If you're in a bigger city that is participating and the lights go down in your neighborhood you should check and see if maybe you can't see a few more stars out. Of course, part of the motivation behind Earth Hour is to raise awareness on the issue of Global Climate Change, a topic which, just this week, I found some additional news feeds that deal with this very topic. We can use that information to contribute to our discussions on matters of science and today is a good day to get started. A couple of these news items on climate change are from several weeks ago, but still pertinent and just may be "news" to you. In "celebration" I've also added a new widget near the bottom of the far right column that will show an interesting climate related fact every time you visit (or refresh the page).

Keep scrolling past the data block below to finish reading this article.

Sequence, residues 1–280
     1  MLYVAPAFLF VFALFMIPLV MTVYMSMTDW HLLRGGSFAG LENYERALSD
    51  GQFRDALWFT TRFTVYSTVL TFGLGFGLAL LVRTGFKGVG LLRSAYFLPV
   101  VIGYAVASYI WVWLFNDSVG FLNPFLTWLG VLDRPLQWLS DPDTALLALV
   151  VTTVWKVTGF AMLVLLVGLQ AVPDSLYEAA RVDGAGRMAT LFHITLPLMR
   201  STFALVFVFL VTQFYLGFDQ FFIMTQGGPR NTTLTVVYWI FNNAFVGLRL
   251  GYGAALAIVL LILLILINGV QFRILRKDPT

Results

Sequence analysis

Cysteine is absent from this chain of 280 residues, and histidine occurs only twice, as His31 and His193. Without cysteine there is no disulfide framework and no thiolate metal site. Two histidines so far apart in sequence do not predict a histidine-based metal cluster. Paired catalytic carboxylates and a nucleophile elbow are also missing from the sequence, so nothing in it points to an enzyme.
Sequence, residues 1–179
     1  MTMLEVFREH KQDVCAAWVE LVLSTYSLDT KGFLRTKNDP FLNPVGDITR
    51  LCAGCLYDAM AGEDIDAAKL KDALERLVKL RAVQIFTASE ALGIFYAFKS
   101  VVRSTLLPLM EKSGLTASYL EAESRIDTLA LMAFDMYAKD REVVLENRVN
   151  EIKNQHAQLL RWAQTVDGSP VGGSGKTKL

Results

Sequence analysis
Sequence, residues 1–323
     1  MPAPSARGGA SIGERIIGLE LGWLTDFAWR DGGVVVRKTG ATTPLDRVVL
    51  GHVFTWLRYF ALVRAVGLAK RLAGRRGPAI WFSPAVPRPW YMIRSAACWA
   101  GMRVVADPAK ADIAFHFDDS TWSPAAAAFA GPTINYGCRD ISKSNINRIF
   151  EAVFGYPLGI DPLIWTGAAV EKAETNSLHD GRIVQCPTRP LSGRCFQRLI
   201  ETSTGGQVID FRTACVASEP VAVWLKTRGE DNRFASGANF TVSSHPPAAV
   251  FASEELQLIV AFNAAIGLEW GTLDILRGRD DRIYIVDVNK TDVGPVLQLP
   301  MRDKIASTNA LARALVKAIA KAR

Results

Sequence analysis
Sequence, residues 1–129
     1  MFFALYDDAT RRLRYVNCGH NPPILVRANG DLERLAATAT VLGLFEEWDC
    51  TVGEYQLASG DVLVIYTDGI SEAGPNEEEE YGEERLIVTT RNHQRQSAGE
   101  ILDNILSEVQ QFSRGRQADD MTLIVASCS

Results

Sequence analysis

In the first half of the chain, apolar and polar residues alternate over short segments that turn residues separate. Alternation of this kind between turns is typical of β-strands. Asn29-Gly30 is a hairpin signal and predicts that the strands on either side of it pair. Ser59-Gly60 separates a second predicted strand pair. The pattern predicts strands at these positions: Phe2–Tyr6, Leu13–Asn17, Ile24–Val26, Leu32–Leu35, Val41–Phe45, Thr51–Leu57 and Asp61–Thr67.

The first is about a report from Audubon released back in February summarizing some of the data from Christmas Bird Counts over the past 40 years. The data shows a rather dramatic shift with some 305 species wintering farther to the north an average of 35 miles/56 km. At over 300 mi/500 km, Red-breasted Mergansers and Purple Finches have moved the most. In the case of the merganser, of course, they can't remain farther north if there isn't open water . . .